Genome Integrity Discussion Group (1)


for Members

Genome Integrity Discussion Group June 2017

Monday, June 19, 2017

The New York Academy of Sciences, 7 World Trade Center, 250 Greenwich St Fl 40, New York, USA

The connection between cancer and genome integrity is widely appreciated. Importantly, the greater New York Metropolitan area is unparalleled in the concentration of world leading research on chromosome biology and function, as well as for research at the interface between chromosome integrity and the dynamics of malignancy. The Genome Integrity Discussion Group capitalize on this concentration of excellence, providing a forum for interaction between basic- and clinically-oriented research groups working in these fields. These meetings not only facilitate synergy between labs, but also provide a context in which previously unappreciated complementarities can be revealed.

In that spirit, the talks will cover a broad range of areas, including, but not limited to the DNA damage response and cancer predisposition, DNA replication, transcription, chromatin modification, recombination, cell cycle control, telomeres, chromosome segregation, epigenetic states, as well as the emergence of new technologies relevant to research in genome integrity. Although a primary focus is upon basic mechanisms and processes, these areas are pertinent to cancer and myriad human disease states, and it is expected that this will be reflected in the substance of our discussions. At each of the meetings, two early career scientists (students or postdocs) are selected to present data.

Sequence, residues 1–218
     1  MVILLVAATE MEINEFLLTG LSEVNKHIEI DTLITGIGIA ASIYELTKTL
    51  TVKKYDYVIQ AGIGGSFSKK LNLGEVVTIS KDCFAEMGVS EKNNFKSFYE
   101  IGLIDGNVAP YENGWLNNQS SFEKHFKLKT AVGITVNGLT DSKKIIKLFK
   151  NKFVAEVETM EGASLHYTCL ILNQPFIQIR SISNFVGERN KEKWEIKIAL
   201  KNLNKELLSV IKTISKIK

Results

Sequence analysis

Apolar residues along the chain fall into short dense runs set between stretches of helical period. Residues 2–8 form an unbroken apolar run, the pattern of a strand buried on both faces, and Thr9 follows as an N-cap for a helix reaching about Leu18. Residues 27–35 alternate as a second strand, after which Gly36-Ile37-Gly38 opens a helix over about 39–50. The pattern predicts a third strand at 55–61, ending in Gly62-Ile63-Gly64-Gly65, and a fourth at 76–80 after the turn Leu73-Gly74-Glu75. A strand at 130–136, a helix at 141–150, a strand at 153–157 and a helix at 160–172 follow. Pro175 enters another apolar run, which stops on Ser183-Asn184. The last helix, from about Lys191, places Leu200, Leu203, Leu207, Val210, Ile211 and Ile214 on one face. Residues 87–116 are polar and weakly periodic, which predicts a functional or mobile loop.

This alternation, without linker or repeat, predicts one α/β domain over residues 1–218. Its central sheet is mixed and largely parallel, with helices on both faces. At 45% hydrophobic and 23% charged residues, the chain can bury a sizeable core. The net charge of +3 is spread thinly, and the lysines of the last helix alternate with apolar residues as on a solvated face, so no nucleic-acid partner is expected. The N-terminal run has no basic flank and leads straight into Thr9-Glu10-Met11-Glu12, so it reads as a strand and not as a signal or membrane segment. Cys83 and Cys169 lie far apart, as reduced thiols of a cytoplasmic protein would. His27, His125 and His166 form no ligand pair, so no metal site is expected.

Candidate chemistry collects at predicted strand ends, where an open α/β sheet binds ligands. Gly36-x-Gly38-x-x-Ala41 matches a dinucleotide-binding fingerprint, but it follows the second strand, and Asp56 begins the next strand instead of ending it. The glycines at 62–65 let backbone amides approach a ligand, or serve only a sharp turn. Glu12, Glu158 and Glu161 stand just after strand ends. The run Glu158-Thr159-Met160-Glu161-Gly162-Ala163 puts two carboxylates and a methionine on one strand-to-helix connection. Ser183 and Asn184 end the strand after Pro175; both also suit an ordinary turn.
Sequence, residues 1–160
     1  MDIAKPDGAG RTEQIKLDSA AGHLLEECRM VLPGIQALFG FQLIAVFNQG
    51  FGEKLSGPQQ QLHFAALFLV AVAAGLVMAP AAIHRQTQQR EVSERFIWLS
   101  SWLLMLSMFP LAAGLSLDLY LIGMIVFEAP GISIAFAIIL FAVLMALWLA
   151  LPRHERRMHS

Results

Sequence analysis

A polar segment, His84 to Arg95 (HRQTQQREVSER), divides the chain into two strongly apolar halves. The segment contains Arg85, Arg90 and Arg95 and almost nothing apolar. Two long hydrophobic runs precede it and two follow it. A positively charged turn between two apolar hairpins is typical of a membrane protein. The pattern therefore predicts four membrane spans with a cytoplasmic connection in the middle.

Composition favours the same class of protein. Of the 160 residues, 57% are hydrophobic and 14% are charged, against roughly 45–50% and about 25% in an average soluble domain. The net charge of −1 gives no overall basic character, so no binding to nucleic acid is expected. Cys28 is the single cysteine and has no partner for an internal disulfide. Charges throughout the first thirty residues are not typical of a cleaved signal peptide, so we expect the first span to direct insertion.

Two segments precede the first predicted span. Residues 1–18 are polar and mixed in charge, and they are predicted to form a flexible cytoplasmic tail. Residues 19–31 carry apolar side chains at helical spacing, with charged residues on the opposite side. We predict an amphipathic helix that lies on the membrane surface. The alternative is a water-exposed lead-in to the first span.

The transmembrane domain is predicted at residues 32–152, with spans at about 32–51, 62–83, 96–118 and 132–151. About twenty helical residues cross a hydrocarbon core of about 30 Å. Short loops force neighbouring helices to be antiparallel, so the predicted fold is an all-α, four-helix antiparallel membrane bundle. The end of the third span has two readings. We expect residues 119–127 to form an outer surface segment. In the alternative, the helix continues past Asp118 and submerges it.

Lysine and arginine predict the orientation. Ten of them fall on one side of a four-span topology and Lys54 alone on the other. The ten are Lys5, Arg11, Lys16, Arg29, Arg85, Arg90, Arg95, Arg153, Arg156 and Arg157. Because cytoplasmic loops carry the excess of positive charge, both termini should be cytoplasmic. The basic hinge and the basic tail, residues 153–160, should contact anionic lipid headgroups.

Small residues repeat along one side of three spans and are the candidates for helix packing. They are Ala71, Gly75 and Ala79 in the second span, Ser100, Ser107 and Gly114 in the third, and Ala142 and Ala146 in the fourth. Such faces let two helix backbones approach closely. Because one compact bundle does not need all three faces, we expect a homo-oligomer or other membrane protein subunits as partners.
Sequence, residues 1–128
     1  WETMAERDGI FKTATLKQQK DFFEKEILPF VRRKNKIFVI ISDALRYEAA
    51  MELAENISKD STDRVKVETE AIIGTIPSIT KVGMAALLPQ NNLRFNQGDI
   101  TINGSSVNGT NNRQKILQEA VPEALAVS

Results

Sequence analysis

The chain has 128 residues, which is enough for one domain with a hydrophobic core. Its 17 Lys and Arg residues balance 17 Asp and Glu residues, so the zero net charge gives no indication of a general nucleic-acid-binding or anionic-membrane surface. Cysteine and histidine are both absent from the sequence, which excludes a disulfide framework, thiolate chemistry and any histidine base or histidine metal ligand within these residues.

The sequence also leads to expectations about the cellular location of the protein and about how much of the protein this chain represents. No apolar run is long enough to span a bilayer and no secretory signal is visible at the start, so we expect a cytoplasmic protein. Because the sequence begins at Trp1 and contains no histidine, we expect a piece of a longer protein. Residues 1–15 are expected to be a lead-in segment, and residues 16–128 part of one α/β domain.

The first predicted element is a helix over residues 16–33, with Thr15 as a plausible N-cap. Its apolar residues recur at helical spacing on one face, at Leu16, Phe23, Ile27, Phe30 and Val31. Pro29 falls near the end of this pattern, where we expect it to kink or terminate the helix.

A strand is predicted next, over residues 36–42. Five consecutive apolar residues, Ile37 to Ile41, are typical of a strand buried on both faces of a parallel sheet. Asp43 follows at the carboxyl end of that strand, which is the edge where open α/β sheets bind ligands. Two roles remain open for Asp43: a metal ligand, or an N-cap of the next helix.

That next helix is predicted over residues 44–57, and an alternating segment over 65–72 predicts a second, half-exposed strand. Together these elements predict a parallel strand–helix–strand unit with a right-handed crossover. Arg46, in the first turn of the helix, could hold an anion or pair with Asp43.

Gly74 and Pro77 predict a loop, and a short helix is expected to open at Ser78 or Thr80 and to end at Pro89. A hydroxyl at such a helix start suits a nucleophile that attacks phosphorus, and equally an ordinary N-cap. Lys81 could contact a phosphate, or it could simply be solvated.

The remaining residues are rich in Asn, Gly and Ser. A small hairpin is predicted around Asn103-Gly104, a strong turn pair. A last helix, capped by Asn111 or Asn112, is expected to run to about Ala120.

Genome Integrity Discussion Group meetings are organized under the leadership of Susan Smith (NYU Langone Medical Center), Lorraine Symington (Columbia University Medical Center), and Scott Keeney (Memorial Sloan Kettering Cancer Center).


Nonmember Academia, Faculty, etc.
Nonmember Corporate, Other
Nonmember Not for Profit
Nonmember Student, Undergrad, Grad, Fellow
Member Student, Post-Doc, Fellow


Genome Integrity Discussion Group (1)
Scott Keeney, PhD, Memorial Sloan Kettering Cancer Center
Genome Integrity Discussion Group (1)
Susan Smith, PhD, NYU Langone Medical Center
Genome Integrity Discussion Group (1)
Lorraine Symington, PhD, Columbia University Irving Medical Center
Genome Integrity Discussion Group (1)
Sonya Dougal, PhD, The New York Academy of Sciences
Genome Integrity Discussion Group (1)
Caitlin McOmishh, PhD, The New York Academy of Sciences

Keynote Speaker

Genome Integrity Discussion Group (1)
Stephen J. Elledge, Harvard Medical School


June 19, 2017

1:30 PM

Welcome Remarks


Sonya Dougal, PhD
The New York Academy of Sciences
Susan Smith, PhD
NYU Langone Medical Center
1:40 PM

Keynote Address: How Aneuploidy Drives Cancer


Stephen J. Elledge, PhD
Harvard Medical School
2:30 PM

Coffee Break and Poster Set-up


3:00 PM

Nuclear Actin Polymerization Drives DNA Double-Strand Break Clustering for Homology-Dependent Repair


Benjamin Schrank